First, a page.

Karlee does her best to make her father's birthday dinner perfect. But her best intentions lead to chaos in the kitchen.
Note: This excerpt and any other excerpt on the blog are NOT from my actual novel which I am sending out to publishers. These are separate background stories to give you a feel for the characters and their lives while I go through the publishing journey.
His birthday was today.
Karlee did a double take on the calendar. How could she have missed this? Was life so chaotic she couldn’t keep the days straight?
“I can’t believe I forgot.” Karlee slammed her pen down on the calendar spread across the old oak desk in her office. The force caused a pile of envelopes and receipts to fall off the side. She surged forward trying to catch them before they fell to the floor only to knock over her water bottle—and spill the contents everywhere.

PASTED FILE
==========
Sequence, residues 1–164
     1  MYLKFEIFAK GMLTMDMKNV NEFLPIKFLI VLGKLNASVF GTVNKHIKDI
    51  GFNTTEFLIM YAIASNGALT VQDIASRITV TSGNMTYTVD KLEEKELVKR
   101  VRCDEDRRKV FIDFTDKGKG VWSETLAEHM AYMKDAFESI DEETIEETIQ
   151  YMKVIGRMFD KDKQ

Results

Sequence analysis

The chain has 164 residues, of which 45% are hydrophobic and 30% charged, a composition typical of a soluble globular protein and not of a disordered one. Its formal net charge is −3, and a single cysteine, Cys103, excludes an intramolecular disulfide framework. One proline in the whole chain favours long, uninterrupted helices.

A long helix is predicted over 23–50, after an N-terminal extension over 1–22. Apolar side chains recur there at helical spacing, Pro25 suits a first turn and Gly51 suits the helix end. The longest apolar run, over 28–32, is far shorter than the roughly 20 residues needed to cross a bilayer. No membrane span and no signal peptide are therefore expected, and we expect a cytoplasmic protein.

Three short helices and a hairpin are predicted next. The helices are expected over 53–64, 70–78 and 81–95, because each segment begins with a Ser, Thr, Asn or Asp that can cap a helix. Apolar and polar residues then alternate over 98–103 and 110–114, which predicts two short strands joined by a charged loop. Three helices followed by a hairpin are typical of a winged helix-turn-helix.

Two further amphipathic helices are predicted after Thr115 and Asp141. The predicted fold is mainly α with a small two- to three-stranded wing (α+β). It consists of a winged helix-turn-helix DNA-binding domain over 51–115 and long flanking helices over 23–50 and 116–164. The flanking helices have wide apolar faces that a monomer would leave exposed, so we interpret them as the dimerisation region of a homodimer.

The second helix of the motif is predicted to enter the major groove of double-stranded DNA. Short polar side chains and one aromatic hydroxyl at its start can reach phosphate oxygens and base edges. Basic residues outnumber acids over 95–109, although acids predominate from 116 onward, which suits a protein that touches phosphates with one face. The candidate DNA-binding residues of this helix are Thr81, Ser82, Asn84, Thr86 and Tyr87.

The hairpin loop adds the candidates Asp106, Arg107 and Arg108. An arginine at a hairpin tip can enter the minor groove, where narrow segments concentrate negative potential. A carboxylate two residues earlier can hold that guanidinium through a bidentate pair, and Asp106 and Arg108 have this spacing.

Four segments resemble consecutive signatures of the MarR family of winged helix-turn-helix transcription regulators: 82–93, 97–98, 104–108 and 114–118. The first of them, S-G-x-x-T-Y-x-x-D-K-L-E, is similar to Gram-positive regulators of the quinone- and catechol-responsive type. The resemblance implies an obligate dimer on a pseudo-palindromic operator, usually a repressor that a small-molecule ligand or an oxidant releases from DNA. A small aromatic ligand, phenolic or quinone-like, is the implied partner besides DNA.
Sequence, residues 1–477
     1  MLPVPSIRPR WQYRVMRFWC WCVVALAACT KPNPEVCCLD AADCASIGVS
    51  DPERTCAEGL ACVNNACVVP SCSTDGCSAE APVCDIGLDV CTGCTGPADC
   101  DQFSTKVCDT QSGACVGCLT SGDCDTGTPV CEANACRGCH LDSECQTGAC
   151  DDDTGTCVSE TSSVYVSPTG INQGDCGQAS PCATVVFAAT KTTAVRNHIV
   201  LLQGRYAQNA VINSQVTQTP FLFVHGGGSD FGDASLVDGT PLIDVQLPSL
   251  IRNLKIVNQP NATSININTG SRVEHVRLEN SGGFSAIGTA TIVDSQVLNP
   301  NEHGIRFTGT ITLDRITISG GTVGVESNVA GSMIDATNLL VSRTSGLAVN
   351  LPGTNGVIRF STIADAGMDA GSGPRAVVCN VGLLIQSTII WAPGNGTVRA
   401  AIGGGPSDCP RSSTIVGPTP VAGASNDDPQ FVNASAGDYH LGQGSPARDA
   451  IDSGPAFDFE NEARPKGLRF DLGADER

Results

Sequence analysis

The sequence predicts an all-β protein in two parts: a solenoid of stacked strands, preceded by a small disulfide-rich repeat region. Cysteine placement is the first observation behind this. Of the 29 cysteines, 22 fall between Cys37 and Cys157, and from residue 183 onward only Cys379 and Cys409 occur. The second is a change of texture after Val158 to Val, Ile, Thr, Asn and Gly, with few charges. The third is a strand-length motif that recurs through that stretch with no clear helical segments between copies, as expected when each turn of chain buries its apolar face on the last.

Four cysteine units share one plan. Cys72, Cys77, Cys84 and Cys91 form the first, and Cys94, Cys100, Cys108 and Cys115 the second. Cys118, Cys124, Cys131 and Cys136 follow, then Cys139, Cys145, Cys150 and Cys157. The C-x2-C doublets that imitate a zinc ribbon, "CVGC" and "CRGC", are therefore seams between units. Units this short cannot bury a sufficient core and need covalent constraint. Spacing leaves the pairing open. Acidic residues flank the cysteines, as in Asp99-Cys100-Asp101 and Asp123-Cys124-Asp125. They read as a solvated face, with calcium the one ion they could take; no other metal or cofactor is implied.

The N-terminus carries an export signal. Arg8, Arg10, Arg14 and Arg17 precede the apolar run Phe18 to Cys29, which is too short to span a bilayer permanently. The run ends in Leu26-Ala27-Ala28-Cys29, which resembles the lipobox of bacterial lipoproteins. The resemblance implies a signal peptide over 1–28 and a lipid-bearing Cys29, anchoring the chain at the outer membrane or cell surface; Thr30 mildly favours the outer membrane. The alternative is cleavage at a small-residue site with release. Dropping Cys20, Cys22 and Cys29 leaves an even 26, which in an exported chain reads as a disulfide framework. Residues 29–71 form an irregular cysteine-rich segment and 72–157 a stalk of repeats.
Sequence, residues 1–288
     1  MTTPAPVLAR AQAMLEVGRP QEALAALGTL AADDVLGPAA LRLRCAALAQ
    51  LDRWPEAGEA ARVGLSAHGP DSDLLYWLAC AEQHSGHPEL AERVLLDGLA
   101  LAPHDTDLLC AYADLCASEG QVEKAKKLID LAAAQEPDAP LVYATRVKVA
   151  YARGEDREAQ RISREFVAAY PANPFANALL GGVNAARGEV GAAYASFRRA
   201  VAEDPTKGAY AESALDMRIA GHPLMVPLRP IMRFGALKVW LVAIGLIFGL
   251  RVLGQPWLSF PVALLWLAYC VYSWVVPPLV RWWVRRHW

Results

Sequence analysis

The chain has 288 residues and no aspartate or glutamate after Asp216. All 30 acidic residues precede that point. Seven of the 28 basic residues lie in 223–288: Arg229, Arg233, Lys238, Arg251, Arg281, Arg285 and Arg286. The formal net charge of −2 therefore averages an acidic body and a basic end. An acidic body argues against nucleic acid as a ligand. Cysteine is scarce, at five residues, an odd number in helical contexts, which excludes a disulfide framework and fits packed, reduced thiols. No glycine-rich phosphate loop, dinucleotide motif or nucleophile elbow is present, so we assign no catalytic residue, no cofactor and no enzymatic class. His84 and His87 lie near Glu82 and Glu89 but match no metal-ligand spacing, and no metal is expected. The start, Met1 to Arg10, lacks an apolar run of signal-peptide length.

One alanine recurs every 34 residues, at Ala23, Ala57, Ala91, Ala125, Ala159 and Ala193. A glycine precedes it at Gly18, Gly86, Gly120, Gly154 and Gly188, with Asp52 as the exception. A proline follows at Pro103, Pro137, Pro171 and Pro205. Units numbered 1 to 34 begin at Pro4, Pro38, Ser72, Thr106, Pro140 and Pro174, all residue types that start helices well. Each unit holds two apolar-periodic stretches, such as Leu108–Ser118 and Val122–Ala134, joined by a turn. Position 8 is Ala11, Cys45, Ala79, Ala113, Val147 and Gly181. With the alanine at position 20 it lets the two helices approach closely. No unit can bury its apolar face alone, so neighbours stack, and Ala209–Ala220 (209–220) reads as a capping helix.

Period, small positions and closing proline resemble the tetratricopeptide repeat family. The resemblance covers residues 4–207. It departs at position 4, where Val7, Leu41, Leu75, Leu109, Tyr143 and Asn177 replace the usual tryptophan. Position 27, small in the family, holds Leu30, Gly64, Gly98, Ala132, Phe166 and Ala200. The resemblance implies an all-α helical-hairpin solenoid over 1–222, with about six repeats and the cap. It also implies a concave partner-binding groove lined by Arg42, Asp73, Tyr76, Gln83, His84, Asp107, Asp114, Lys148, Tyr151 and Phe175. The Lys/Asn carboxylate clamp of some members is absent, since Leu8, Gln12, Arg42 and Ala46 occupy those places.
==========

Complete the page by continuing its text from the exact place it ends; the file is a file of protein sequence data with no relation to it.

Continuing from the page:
Scolding herself under her breath, Karlee pulled off her hoodie and used it as a towel to clean up the mess.
“You need some help, si?” Carlos, the ranch’s hired hand, appeared by her side, kneeling on the ground to pick up the runaway papers.
“Thank you, Carlos.” Karlee draped the wet hoodie on the back of her chair. “I really need to get this place organized.”
“The horses are done for the day. You have time now.”
“Actually, I don’t. My dad’s birthday is today.” Karlee collapsed in the chair. “I lost track of the days.”
Carlos rubbed his latte colored chin, deep in thought. “You have been busy. Too busy, I think.” He paused. “Your father will understand. You have much to handle.”
“But it’s his birthday. Everyone wants to feel special on their birthday.” She bit her bottom lip in frustration, an awful habit that often led to sore bleeding skin. “And I had every intention of making a huge birthday dinner for him.”
“Your father will only care about the time he gets to spend with you today.” Carlos offered a hand to help her off the chair. “But I will drive you into town. I have to pick up grain anyway. Just tell me where to go.”
Karlee smiled up at him, accepting his offered hand. They made their way out of the office into the barn. She loved having her office right in the heart of her work, but it was probably also the main reason why it was such a chaotic mess to begin with. She always let the horses and their training lure her away from the dull office work and management side of the ranch.